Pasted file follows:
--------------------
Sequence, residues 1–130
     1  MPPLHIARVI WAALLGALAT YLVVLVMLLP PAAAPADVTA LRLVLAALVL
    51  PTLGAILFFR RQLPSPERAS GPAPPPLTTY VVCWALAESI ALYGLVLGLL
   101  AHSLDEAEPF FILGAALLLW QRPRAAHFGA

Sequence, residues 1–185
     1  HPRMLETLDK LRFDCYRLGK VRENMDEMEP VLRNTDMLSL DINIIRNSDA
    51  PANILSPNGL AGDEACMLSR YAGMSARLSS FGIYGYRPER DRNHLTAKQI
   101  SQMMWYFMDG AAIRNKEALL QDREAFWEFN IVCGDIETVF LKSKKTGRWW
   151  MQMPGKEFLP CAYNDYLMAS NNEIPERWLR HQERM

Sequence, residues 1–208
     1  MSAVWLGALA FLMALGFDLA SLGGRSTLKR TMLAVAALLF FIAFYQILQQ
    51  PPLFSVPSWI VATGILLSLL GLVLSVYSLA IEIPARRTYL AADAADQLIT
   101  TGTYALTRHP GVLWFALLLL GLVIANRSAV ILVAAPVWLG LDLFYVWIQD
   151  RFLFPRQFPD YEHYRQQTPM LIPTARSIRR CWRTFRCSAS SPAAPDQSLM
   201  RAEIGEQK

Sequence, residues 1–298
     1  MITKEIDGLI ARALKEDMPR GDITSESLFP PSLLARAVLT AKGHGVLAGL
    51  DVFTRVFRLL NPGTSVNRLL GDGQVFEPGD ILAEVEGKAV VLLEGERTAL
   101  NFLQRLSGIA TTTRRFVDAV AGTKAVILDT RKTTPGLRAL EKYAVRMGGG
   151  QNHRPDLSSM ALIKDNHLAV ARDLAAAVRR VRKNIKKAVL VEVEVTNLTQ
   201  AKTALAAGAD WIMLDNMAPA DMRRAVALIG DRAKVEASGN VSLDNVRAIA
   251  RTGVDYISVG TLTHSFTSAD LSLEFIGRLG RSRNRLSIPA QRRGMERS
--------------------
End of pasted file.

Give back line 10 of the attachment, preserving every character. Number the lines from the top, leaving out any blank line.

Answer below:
Sequence, residues 1–208